Bill Jones is a 45-year-old gay Republican from Dallas. For the first time in his life, he's considering voting for a Democrat in a presidential election. Jones still doesn't agree with the Democrats on fiscal policy or the size of government, but last week his priorities shifted.
On May 9 President Barack Obama told ABC's Robin Roberts that he believed same-sex couples "should be able to get married." A day later, likely Republican nominee Mitt Romney affirmed his opposition to same-sex marriages and civil unions.
"It stopped me dead in my tracks because it removed the one rationalization I always had," Jones said. He never thought he would be casting a vote based on a candidate's views on gay rights, but in past presidential elections, neither candidate supported same-sex marriage. "I was always able to say, Well if both sides aren't really going to do anything, I'm going to vote for the side that supports free markets and private property rights."
Much attention has been paid to how Obama's announcement on same-sex marriage will affect the election. There is a wide range of opinion about whether Democrats, Republicans or independents will likely be swayed. But little attention has been paid to the reaction of a small group of voters: gay Republicans.
Bill White, the prominent former president of the Intrepid Museum, recently asked that his donation to the Romney campaign be returned as a result of Obama's shift on marriage. Will more gay Romney supporters follow suit?
In a CNN exit poll from the midterm 2010 congressional elections, 29 percent of those who self-identified as gay, lesbian or bisexual said they had voted Republican. For this group of voters, the 2012 election presents the sharpest contrast between candidates' views on gay rights since Bill Clinton's pledge in 1992 to lift the ban on gays serving in the military and George H.W. Bush's opposition to such a move.
"I don't think it's ever been this stark," said Chris England, a gay Republican from Las Vegas who says he can't bring himself to vote for either candidate. "You want to vote for a candidate that has the most things that you like, but I can't do that if that candidate sees me as less of a citizen."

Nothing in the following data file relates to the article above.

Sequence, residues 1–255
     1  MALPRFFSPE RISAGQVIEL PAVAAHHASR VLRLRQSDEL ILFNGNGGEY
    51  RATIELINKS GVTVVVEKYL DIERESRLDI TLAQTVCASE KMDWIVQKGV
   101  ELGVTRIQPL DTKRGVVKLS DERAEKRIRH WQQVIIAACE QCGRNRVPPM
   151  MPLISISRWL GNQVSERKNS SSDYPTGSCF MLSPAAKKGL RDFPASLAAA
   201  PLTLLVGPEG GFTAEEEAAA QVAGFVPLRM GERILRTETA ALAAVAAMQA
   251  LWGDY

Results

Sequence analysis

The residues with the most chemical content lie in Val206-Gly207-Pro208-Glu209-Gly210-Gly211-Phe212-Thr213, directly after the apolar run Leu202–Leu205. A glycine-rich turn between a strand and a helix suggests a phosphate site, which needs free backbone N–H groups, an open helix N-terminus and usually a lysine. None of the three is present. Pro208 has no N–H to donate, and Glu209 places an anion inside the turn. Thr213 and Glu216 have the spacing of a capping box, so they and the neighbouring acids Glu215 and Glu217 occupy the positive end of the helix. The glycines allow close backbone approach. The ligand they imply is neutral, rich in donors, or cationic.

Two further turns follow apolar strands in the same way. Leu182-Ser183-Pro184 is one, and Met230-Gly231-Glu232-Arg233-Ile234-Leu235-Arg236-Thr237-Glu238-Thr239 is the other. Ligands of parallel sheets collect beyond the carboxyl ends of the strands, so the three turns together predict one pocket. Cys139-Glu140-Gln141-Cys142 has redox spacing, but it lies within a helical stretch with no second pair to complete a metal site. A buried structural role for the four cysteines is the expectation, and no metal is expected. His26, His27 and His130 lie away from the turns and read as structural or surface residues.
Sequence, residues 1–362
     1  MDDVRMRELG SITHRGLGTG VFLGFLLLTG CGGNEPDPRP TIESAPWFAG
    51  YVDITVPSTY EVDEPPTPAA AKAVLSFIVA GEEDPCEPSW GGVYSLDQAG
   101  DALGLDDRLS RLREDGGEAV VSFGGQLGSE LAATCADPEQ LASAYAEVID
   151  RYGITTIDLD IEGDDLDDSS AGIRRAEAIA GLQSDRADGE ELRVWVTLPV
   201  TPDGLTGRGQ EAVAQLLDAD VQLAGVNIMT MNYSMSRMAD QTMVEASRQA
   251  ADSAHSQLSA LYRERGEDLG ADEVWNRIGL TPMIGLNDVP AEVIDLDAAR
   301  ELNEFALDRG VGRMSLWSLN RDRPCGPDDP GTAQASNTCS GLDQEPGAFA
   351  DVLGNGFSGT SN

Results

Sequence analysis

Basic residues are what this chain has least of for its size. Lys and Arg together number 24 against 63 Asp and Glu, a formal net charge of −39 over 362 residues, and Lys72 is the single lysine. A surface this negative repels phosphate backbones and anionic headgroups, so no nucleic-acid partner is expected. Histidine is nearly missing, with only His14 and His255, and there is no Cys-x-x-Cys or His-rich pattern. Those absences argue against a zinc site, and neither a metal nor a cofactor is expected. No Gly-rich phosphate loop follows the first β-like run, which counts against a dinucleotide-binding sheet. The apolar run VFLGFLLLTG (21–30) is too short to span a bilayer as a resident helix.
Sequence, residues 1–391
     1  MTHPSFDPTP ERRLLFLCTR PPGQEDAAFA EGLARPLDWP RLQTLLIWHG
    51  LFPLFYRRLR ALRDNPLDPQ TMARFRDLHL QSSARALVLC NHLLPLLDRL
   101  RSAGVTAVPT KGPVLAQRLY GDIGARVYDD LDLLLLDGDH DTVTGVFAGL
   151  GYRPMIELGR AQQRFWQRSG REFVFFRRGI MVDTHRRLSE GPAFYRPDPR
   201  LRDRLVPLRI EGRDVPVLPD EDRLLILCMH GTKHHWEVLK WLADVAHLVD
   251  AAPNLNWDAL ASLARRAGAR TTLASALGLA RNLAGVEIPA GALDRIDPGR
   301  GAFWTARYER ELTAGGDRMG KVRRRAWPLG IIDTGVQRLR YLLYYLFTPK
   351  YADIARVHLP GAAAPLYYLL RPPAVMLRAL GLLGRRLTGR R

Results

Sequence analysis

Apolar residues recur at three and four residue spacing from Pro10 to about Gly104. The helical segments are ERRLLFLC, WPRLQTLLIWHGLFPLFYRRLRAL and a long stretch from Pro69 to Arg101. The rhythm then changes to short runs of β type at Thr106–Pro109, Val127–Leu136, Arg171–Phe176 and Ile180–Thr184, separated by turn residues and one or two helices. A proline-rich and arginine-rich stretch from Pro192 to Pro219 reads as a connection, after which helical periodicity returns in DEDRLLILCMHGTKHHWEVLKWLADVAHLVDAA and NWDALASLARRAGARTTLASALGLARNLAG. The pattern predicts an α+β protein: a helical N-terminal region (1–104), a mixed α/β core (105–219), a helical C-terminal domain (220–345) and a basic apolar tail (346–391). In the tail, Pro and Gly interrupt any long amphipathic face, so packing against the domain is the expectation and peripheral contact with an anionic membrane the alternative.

Of course, not all gay Republicans are jumping ship. R. Clarke Cooper, executive director of the Log Cabin Republicans, the only national GOP organization concerned with gay, lesbian, bisexual and transgender rights, said that after Obama's announcement he had heard from many members who still plan to vote for Romney and that other issues, such as national security, health care and economic policy, still trump marriage.
"For those people, the marriage debate is cacophony in the background," Cooper said, adding that Romney has been supportive of some issues important to his members, such as state anti-discrimination laws protecting gay citizens. The Log Cabin Republicans won't decide whether to endorse Romney until its membership votes in August, but Cooper said he didn't think last week was necessarily a turning point for his group.
"We already knew that the Log Cabin Republicans and Mr. Romney were on opposite ends of this issue, so it wasn't like last week was such a shock," Cooper said. "There might be a reduction of enthusiasm, but it's hard to measure that now."
Many experts think that the issue won't have a huge impact on the election's outcome because people motivated by this issue are already hardline Democrats or Republicans. But this fall gay Republicans could prove the exception.
"The really big question that the Republicans must struggle with more and more now is this, What do they want gay people to do?" said Andrew Koppelman, a political science professor at Northwestern University. "Their answer seems to be, Well we want you to have this second-class status in society, where you have to accept that you and your family are seriously going to be hurt by policies we support, and support us nonetheless."
Two days after the president's announcement, a former pollster for George W. Bush's 2004 re-election campaign sent a memo to Republican operatives urging them to shift how the GOP discusses same-sex marriage. Jan van Lohuizen noted that support for same-sex marriage is shifting "at an accelerated rate with no sign of slowing down."
His memo also states an increase in support is emerging among all partisan groups and age ranges. Van Lohuizen offered recommended statements for Republicans trying to appeal to voters: "People who believe in equality under the law as a fundamental principle, as I do, will agree that this principle extends to gay and lesbian couples; gay and lesbian couples should not face discrimination and their relationship should be protected under the law. People who disagree on the fundamental nature of marriage can agree, at the same time, that gays and lesbians should receive essential rights and protections such as hospital visitation, adoption rights, and health and death benefits."
Some Republicans have already moved toward offering greater support for LGBT Americans. But in the presidential election, the line has been drawn.
Bill Jones, the Texan conservative, has spent his entire adult life trying to balance his gay identity with his Republican politics. In college, he was an active member of the gay and lesbian student association while serving as vice president of the Young Republicans. He kept his dual participation totally secret from both groups.
"I used to be very good at compartmentalizing," Jones said. "But it does make a difference now that Obama has said what he's said. I can't just pretend it didn't happen."
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